Hundreds of acres of new parkland (green) were created along Chicago’s lakefront between 1910 and 1960.
A birds-eye view shows the extensive landfill Burnham proposed between downtown and Jackson Park. Offshore islands would shelter quiet lagoons, providing new shorelines and sites for pavilions and ballfields.
Offshore islands would shelter quiet lagoons, providing new shorelines and sites for pavilions and ballfields.
Northerly Island, first of a chain planned for the south lakefront, was created in the late 1920s (above). It was the site of the 1933-34 Century of Progress Exposition (below). After World War II, it was offered as the site for the United Nations, then became Meigs Field airport in 1948.
The south lakefront was little more than a dumping ground at the time.
The improvement of the Lake front from Winnetka to the Indiana line is an economic necessity.
—Plan of Chicago, p. 122
Perhaps the Plan’s most treasured legacy is the city’s public lakefront, unique in the world. When the Plan was written, only a quarter of the city’s shoreline was publicly accessible. Private land extended to the water north of Diversey Parkway and south of 67th Street. From downtown to Hyde Park, the Illinois Central Railroad tracks dominated the shoreline.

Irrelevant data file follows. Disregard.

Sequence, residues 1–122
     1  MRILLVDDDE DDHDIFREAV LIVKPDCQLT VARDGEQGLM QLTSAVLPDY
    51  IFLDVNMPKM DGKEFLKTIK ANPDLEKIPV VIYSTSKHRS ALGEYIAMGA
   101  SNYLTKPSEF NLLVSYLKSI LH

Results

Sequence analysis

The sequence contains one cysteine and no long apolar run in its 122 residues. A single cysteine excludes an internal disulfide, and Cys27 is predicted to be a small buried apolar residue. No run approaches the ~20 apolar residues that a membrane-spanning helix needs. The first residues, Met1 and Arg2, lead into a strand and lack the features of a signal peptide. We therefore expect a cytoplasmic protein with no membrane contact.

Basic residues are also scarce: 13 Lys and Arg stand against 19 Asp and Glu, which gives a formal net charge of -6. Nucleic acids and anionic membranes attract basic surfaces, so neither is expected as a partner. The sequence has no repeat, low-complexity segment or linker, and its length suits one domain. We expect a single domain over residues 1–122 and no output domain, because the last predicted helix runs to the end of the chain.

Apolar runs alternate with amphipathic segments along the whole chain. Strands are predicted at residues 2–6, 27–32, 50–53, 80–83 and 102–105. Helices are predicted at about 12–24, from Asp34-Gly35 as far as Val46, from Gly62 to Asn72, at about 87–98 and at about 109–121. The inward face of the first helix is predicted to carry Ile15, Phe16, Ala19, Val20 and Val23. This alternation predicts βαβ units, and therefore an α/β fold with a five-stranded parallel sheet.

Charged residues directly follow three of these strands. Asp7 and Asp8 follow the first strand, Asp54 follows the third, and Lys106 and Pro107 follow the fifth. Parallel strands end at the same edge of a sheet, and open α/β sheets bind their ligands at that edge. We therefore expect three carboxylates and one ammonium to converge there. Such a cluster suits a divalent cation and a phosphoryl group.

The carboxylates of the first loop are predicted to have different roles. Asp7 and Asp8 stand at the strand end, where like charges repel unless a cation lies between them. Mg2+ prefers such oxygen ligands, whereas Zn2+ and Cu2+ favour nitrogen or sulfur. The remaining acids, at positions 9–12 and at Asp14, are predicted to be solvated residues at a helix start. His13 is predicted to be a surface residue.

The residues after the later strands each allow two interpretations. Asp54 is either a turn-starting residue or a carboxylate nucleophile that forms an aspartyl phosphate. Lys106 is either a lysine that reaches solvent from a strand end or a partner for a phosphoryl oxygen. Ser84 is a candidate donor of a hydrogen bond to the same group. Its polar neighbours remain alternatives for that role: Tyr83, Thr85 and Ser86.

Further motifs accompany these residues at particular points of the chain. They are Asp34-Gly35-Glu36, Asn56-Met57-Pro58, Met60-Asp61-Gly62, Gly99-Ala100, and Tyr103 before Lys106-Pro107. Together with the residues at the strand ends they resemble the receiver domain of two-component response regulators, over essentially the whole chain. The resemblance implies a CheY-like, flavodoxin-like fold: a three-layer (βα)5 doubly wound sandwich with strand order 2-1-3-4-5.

But Lincoln and Jackson Parks provided inspiring examples of public lake shorelines, busy bathing beaches, and calm inland lagoons. “The Lake front by right belongs to the people,” declared the Plan. “It affords their one great unobstructed view, stretching away to the horizon, where water and clouds seem to meet. . . . Not a foot of its shores should be appropriated by individuals to the exclusion of the people.” Burnham sketched a series of peninsulas and offshore islands carrying a parkway and sheltering new lagoons
Landfill operations had already expanded Lincoln and Grant Parks, but Burnham pointed out that the city was annually disposing of one million cubic yards of clean fill—mostly ashes from coal-burning boilers and dirt removed for basements—by dumping it far out in the lake. That was enough to create more than 20 acres of landfill if dumped close to shore. Park authorities eagerly adopted this idea in the 1920s and 1930s. Along the south lakefront, Northerly Island, Burnham Park, and Promontory Point were created. Lincoln Park, 450 acres when the Plan was written, was expanded to 1,200 acres by the 1950s.
Burnham’s vision was not of an exclusively recreational lakefront. Great Lakes shipping was crucial to the region’s economy, and the Plan anticipated extensive new piers and harbors. But public access and recreational areas were to be cleverly integrated with new slips and loading docks, in a way seen nowhere else in the world.
When the Plan was written, Lake Shore Drive was a short pleasure drive through Lincoln Park (above). By 1935 it was an urban expressway, extended north as landfill created new parkland (left).